the process to be recognized the Italian citizenship for you and for your sister has been finalized and all the documentation you presented has been sent to the Comune di Marano Principato’s vital statistic registers on August 2009 [sic].
My mother was given a form to complete that will place her on the registry of Italian nationals living abroad, meaning outside of Italy. Once registered, a birth certificate will be minted for her in the tiny Calabrian town of Marano Principato, outside of Cosenza, essentially recognizing her as an Italian citizen from birth. In a few months – if all things go smoothly – she will be able to apply for an Italian passport as well.
At that point, as the son of an Italian citizen, I will be able to petition for recognition of my own citizenship – but that will take some time.
This is all made possible by Italy’s generous jure sanguinis (“through blood”) citizenship laws; the descendant of an Italian citizenship may apply for recognition. If one of your ancestors was Italian-born, you may be eligible. There is one important linchpin: Your Italian ancestor must have passed down the right to citizenship before he/she naturalized in another country. By naturalizing, in the U.S. in the case of my great-grandfather, one effectively renounces his or her prior citizenship. My great-grandfather, Antonio Tenuta, did this in 1924 – two years AFTER his son (my grandfather) was born. Thus he had already passed along this right, jure sanguinis, before renouncing it. Note that your application must be in a direct line, for example Me>Mother>Grandfather>Great-Grandfather (no uncles or aunts or cousins).
(If you don’t have Italian blood, you might also look into Irish heritage. Ireland has similarly flexible citizenship laws.)
While this may sound simple, rest assure it takes time to assemble all of the pertinent documents and to present them to your consulate. My family started this process in early 2004. We probably could have finished things more quickly, but we all have jobs and lives, and requesting documents from Italy as well as different parts of the U.S. takes time and money and can feel overwhelming at times. There is also currently an enormous backlog for appointments at most consulates, and the response time after submitting your application can be equally long (18 months in my mother’s case). Most non-Italian documents must be long form, translated into Italian, and furnished with a state apostille (a seal for international use). Discrepancies with names, birth dates, and other record keeping – common in Old World Europe – can be problematic as well. The best way to approach the process, if you are so inclined, is as a journey or a puzzle requiring patience and fastidiousness. If you are focused only on the outcome, not only might you be discouraged, but you run the risk of disappointment. To wit: In spite of my mother’s exciting victory, I am in no way counting any chickens until my own process is complete.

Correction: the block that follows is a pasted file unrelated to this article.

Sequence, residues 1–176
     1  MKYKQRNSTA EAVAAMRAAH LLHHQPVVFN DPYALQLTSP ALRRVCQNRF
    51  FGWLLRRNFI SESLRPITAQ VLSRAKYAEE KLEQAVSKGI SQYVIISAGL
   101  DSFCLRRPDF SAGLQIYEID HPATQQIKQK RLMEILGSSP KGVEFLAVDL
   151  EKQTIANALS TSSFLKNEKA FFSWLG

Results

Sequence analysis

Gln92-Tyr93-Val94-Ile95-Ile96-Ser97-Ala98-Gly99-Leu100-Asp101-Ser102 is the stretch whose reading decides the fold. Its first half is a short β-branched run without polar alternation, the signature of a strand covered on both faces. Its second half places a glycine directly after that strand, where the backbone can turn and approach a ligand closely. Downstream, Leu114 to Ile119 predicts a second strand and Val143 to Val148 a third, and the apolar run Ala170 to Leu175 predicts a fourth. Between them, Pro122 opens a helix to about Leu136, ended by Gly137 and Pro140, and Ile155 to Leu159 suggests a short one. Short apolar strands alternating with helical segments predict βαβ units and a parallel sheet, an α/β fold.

Finally, many would ask, what’s so great about having dual citizenship, in this case Italian? Why bother?
That is in the eye of the beholder, but for me, there are several reasons. As an Italian citizen, I will be able to live, work, and/or retire there if I so choose – not just in Italy, but throughout the European Union. I would be eligible for public health, tuition, and retirement benefits. It also makes traveling there easier (shorter immigration lines). In the name of self-interest, it means having more options, and having options is always good.
On a more personal note, it is also a way to establish a link to my family heritage, and to accept a gift given, however unwittingly, by my great-grandfather almost a century ago. When he, like many of his fellow villagers, moved to Kenosha, Wisconsin (just north of Chicago), he could not have known that his offspring would one day be corresponding with the civil office in Marano Principato to close the circle like this. No one in my family has been to his birthplace, but we are hoping to visit someday soon – hopefully as Italians. As a genealogical project, and a sort of reclamation of our family history, it’s been personally fulfilling – though again, you may not find it so.
If you think you may be eligible and are interested in learning more, the Italian Dual Citizenship Message Board is a good place to find FAQs, post questions, find templates, and more. MyItalianCitizenship also contains some helpful information, although I would not recommend its message board and would caution against using its Italian birth certificate search service (see the user complaints on the message board). To request birth certificates from Italy, you will save a lot of money if you use a template in Italian and write directly to the comune with pertinent information, an international reply coupon ($2.10 at your post office), and a few euros for their trouble. If you are unsure of certain vital statistics, the Mormon Church has an enormous genealogical database online; microfilm can be ordered to and viewed at your local chapter.
You should also determine in which consulate jurisdiction you reside, and make an appointment sooner than later because of the enormous backlog. Your appointment may be scheduled a year from now. This will give you a deadline, but with plenty of time to plan.
For U.S. naturalization records (remember, the linchpin to your eligibility), your best bets are USCIS, National Archives, or the court records in the county where your ancestor naturalized.
Feel free to email me at Adam@LittleEarthquake.com with any questions.